Ballast Water: An Administrative and Defense Law Lawyer’s Prospective.
Ballast Water: The Criminal and Administrative Problems of the 21st Century in Washington.
Ships are fitted with ballast tanks to make themselves more stable (safer) by weighing themselves down and creating a lower center of gravity. Traditionally, this is done by filling the tanks with water when the ship is preparing to leave port and then emptying the tanks upon arrival in port. Unfortunately, this practice is one of the largest causes of the introduction and spread of aquatic invasive species. Basically, the invasive species hitch-hikes in the ship’s ballast tanks. To protect Washington’s waters, the US Coast Guard and Fish & Wildlife must work together. The US Coast Guard is responsible for managing ballast water on a national level. They manage ships coming from outside of the US’s exclusive economic zone (200 nautical miles offshore). However, ships coming from within the US exclusive economic zone but outside of Washington waters (from the Columbia River to 50° North) are the responsibility of Fish & Wildlife, who enforces Washington State’s ballast water management laws. The most common high risk un-exchanged ballast water discharged into state waters comes from California.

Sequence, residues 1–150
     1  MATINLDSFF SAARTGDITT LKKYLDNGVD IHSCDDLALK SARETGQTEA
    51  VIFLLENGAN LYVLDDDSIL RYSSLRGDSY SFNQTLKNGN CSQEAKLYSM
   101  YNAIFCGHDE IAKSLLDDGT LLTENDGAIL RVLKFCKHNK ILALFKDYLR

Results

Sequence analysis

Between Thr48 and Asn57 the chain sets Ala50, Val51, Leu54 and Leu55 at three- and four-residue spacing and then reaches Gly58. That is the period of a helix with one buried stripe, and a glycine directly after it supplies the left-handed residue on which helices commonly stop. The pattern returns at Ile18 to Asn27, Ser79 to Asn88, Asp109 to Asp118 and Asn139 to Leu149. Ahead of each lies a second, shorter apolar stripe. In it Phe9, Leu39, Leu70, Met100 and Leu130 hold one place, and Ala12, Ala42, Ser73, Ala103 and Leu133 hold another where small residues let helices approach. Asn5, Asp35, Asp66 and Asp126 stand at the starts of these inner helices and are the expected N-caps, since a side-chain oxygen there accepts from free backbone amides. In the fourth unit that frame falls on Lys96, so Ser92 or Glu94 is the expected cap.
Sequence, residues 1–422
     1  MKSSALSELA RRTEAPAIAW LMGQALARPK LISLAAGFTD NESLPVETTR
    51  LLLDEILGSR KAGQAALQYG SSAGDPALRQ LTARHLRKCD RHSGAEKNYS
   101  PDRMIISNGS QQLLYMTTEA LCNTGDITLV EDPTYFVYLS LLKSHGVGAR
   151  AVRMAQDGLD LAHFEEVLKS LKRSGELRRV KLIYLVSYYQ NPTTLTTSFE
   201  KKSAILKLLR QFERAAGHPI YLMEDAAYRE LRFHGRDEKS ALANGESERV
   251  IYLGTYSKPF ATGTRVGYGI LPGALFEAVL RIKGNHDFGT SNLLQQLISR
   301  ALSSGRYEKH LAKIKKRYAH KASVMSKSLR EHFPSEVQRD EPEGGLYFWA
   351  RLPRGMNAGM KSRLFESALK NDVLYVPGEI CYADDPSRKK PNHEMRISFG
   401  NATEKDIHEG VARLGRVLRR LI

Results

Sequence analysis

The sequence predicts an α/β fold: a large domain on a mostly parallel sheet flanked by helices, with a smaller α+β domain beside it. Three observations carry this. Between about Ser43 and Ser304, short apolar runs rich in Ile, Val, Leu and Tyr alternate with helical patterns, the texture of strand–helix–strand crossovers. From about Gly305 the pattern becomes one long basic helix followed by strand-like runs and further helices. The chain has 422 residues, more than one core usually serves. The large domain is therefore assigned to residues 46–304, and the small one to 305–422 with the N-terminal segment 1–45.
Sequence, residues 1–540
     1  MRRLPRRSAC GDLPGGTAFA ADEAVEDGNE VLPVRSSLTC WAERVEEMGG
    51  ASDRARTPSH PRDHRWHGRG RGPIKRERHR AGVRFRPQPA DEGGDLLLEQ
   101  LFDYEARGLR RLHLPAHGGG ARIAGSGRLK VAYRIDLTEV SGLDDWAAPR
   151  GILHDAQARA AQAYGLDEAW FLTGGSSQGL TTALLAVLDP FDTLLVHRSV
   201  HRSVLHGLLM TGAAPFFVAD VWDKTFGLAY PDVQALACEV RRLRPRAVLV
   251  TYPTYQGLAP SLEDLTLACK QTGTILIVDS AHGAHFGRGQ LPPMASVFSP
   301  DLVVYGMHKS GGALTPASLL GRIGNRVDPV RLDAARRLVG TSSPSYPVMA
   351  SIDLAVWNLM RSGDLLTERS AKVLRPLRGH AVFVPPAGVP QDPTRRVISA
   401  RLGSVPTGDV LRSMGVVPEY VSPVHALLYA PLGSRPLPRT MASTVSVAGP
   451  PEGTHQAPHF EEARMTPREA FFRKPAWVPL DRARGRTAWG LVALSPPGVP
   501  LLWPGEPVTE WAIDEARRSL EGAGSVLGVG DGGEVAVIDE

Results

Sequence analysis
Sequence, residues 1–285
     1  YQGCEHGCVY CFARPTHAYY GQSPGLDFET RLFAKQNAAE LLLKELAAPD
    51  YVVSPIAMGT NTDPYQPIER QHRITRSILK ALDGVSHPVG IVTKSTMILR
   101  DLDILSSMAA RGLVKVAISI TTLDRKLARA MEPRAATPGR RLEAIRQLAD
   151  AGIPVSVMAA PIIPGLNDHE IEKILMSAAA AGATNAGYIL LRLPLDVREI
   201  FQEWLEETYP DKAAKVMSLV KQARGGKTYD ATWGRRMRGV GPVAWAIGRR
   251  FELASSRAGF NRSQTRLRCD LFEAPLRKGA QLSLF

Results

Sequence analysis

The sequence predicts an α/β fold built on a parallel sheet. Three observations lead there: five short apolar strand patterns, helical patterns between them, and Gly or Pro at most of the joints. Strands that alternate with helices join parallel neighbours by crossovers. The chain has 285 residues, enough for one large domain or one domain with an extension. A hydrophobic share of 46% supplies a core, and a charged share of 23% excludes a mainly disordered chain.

When a vessel of 300 gross tons and greater enters Washington’s waters, they must file a ballast water reporting form within 24 hours ensuring the ballasts are not a risk to discharge unsafe water. Ballast water can only be discharged into Washington State water if there has been a previous open sea exchange of water or if the ballast water has been treated to Fish and Wildlife’s set standards. The only exception would be if meeting these requirements endangered the safety of the ship, crew, or passengers. If this is the case, a waiver must be filed with the State but there may be a fee for the exemption of up to $5,000. A failure to comply with State regulations regarding ballasts may result in civil fines of up to $27,500 per day of continuous violation. Once receiving notice of the fine, the vessel’s owner must contest it within 20 days otherwise the right to appeal has been waived and the judgment can be enforced in court. An appeal of the fine must be done in compliance with the Administrative Procedure Act.
Remember, if you are being contacted by law enforcement or a State agent, there is no such thing as a friendly discussion: their role is to investigate potential crimes and collect evidence. Anything said to an officer can be used against you in a criminal and administrative action. Thus, the less said to such personnel, the better. Follow our advice for any criminal investigation and contact the defense lawyers of our legal team immediately to assure your rights and freedom are protected.